Buckingham Palace is in need of maintenance work costing £150m. Some rooms haven't been decorated since before the Queen ascended the throne but how have they fared, asks Justin Parkinson.
Labour's Clement Attlee was prime minister. Wolverhampton Wanderers won the FA Cup. Nato was created.
And 1949 was also the last time the principal rooms of Buckingham Palace were re-decorated.
The central London building, which had suffered nine direct hits during World War Two, was in need of a spruce-up. According to the monarchy's website, "very few changes" had happened to it during George VI's reign, from 1936 to 1952.
The 19 state rooms remain remarkably intact 66 years after the last significant work. Pictures show the White Drawing Room, often used for photographic portraits of the Royal Family, looking in a very similar state in 1947, 1993 and 2011.
"Most people decorate their houses, mainly for fashion reasons, every 10 years or so," says historian Ellen Leslie, "but this isn't what the Royal Family are into when it comes to Buckingham Palace. They want it to keep looking the same."
Leslie, who last visited the palace in 2012, says the decor, which she describes as a mixture of "neoclassical and empire", looked "fine" at the time.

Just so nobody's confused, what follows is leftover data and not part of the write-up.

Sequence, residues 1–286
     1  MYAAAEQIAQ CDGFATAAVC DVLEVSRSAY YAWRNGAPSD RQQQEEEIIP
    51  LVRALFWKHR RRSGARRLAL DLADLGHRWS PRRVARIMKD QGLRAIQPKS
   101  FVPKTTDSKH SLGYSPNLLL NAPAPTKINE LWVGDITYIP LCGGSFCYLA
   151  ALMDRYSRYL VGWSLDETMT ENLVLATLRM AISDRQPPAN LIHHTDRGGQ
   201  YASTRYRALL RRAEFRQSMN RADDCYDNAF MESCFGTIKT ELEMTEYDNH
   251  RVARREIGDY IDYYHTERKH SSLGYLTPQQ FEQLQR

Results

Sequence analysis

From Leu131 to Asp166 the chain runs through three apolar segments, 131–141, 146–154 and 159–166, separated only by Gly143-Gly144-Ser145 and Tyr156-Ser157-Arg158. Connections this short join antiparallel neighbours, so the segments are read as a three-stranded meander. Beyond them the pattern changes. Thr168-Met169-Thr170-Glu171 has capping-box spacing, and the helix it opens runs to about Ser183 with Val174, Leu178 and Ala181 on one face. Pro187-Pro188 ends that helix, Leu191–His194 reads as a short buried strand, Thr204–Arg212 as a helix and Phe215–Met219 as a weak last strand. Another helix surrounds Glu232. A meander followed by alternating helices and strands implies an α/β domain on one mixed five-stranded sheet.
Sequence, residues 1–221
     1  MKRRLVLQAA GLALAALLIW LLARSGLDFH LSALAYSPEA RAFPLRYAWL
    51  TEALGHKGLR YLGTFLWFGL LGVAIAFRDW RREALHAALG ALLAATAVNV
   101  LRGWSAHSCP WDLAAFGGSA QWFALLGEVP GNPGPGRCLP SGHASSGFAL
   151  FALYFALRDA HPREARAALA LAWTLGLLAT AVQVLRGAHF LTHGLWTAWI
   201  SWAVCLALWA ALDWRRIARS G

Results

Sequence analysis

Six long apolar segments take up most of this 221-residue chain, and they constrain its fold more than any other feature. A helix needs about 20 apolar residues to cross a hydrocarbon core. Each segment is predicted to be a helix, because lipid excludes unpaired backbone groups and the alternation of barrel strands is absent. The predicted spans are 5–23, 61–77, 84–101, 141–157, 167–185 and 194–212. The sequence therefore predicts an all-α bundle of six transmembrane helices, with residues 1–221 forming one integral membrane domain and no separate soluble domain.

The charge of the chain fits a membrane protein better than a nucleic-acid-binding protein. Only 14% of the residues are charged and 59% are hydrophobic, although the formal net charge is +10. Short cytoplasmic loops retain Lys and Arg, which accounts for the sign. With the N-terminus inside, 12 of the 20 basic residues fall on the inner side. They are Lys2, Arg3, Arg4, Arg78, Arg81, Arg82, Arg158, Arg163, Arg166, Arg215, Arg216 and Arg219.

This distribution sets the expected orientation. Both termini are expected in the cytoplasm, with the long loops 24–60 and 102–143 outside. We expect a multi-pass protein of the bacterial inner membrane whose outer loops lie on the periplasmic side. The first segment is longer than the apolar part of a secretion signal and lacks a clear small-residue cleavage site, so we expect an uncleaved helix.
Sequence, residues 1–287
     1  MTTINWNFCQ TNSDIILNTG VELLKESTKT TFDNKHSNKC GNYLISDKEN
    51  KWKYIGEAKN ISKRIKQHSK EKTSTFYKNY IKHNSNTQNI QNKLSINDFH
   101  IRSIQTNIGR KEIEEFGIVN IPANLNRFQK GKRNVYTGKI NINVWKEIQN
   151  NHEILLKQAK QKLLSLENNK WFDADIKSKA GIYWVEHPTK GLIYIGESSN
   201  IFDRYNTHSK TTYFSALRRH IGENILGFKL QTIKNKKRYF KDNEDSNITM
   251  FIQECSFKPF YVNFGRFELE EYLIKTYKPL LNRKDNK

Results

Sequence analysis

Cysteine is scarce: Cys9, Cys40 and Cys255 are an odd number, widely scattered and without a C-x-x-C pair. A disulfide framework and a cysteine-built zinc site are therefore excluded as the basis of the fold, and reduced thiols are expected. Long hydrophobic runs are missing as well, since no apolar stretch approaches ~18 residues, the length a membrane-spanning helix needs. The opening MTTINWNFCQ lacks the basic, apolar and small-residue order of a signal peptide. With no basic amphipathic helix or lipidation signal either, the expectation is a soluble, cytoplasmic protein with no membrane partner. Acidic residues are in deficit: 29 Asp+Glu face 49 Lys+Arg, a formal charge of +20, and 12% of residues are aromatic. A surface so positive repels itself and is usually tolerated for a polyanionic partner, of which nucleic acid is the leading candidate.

Only routine touching-up has occurred during the reign of Elizabeth II, which began in 1952. "But it wasn't designed to be low-maintenance," says Leslie. "There's lots of white paintwork to keep clean. The reason it's lasted so well is that it was furnished and decorated to a very high standard in the first place.
"A lot of the interior is based on the inspirations of Edward VII, who loved the place. Any renovation work that goes will not mean change, more a continuation of what is already there. It doesn't surprise me how it's lasted."
The expected £150m cost of works for Buckingham Palace, which reportedly could see the Queen having to move out temporarily, also covers re-wiring and re-plumbing.
The building, London residence of Britain's sovereigns since 1837, has 775 rooms. A lot of plumbers, electricians and decorators will be busy for quite a while.
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